The Higgs field can be understood (at least metaphorically) as a viscous liquid (an effervescent sea) that gives mass to particles. Economists (especially the new Keynesians) have also resorted to the "viscous prices" heuristic to try to explain certain frictions, rigidities, anomalies, and market failures that would distance reality from the perfect foresight (omniscience), the perfect mobility of prices and factors, and the perfect substitution among production factors postulated by the standard general equilibrium model. In fundamental physics (particle physics) this "viscous field" would be the very same Higgs field (more precisely, the Higgs quantum field in the vacuum is the one that generates mass of nonzero mass particles); however, the field of economics has not been able to develop an equivalent theory that endogenously explains such viscosities or rigidities, which, it is assured, can limit or prevent the automatic adjustment of prices and the free mobility of factors. In addition, it is convenient to ask ourselves which entities exhibit this "viscosity" characteristic, goods prices, quantities, or some unknown or ignored "economic field".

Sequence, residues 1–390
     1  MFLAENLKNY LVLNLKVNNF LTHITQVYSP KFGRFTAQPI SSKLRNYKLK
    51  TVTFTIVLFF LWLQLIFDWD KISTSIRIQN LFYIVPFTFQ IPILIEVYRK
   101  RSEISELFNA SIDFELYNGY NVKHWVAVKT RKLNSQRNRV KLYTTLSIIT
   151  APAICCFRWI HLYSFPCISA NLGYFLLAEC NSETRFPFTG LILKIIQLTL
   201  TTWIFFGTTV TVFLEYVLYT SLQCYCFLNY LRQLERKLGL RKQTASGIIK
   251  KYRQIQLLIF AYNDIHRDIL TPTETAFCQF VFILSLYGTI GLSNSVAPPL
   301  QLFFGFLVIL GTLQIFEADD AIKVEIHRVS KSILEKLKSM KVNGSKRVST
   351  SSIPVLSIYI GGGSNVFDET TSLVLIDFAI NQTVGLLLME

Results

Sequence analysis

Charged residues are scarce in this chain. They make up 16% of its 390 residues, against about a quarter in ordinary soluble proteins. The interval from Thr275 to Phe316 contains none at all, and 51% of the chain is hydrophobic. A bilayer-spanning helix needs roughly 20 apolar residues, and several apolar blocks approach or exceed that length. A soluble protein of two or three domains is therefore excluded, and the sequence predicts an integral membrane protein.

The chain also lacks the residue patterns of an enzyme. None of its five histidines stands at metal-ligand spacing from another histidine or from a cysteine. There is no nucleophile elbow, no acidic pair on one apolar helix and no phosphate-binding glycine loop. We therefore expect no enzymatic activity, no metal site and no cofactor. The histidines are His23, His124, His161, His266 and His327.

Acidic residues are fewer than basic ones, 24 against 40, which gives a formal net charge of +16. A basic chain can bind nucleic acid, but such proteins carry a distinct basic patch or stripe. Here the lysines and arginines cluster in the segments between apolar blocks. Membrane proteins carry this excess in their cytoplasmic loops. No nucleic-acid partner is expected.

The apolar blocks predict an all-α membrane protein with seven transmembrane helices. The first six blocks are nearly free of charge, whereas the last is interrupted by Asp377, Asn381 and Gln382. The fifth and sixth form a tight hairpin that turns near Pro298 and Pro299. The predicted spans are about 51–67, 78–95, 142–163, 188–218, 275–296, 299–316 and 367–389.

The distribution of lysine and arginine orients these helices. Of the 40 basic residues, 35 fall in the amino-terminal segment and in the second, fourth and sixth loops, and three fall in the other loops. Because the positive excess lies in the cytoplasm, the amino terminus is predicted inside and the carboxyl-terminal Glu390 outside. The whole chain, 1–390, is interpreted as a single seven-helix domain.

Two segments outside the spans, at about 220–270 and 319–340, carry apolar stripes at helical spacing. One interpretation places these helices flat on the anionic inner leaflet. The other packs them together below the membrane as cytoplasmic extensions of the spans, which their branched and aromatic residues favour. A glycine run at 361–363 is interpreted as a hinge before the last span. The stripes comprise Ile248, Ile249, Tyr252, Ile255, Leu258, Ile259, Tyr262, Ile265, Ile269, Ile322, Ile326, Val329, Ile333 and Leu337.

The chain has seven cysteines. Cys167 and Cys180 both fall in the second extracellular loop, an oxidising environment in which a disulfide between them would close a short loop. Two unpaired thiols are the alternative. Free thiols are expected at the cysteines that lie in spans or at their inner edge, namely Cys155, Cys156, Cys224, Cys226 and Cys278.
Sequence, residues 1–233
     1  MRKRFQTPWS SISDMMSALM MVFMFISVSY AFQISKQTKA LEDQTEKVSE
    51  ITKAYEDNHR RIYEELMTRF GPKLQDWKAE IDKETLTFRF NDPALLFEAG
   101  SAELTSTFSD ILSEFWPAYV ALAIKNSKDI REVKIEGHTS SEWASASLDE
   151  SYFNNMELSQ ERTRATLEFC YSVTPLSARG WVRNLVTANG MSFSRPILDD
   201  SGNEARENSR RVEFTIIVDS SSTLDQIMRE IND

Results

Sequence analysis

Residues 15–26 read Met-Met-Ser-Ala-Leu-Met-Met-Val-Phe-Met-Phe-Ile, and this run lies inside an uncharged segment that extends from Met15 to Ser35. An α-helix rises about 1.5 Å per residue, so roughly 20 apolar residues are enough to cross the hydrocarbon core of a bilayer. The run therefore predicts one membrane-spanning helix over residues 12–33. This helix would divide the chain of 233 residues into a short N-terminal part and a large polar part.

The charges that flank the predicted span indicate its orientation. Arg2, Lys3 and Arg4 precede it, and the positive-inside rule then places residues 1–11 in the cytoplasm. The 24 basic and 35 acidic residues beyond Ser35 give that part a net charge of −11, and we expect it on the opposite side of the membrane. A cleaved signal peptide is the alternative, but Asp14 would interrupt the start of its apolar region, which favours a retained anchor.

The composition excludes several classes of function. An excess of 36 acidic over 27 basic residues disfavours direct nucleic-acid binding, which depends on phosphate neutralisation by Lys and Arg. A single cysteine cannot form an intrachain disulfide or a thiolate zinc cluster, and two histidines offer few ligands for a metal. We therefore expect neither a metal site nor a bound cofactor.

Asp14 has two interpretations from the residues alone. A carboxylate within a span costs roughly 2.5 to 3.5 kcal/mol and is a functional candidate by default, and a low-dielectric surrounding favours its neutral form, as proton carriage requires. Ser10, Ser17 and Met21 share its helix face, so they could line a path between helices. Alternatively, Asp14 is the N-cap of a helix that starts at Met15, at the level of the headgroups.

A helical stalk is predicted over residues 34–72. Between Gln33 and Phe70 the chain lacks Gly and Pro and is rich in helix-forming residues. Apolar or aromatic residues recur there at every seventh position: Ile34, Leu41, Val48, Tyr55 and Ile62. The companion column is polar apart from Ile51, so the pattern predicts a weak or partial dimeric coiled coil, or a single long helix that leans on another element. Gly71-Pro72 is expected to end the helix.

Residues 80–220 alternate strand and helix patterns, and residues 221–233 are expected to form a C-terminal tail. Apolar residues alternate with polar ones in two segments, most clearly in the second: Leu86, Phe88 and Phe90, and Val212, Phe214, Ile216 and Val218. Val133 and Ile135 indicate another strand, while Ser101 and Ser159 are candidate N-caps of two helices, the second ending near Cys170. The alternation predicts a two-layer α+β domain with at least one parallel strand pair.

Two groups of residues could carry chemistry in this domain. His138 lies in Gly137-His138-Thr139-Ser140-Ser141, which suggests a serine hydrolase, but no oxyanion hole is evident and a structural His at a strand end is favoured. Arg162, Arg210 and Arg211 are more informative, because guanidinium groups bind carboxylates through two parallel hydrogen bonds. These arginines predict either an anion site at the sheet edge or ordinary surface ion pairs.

In particle physics, viscosity is a property of the Higgs field, which, when interacting with the particles, causes some of them to gain mass (super concentrated energy), since it is precisely this interaction that creates (or not) the frictions and turbulences that exchange part of their energy into mass and reduce their speed allowing "fundamental forces" to act. The top quark, for example, is very massive, because its interaction with the Higgs field practically paralyzes it. In economics, on the contrary, this viscosity has been assigned to prices (or salaries) themselves. It is convenient to ask then: what is that viscosity or "molasses" that gives rigidity ("mass") to prices and salaries or prevents the perfect substitution between factors? The key to answering this question is prosaic, if you will: we are bodily beings with needs, a very different "field" from that of preferences.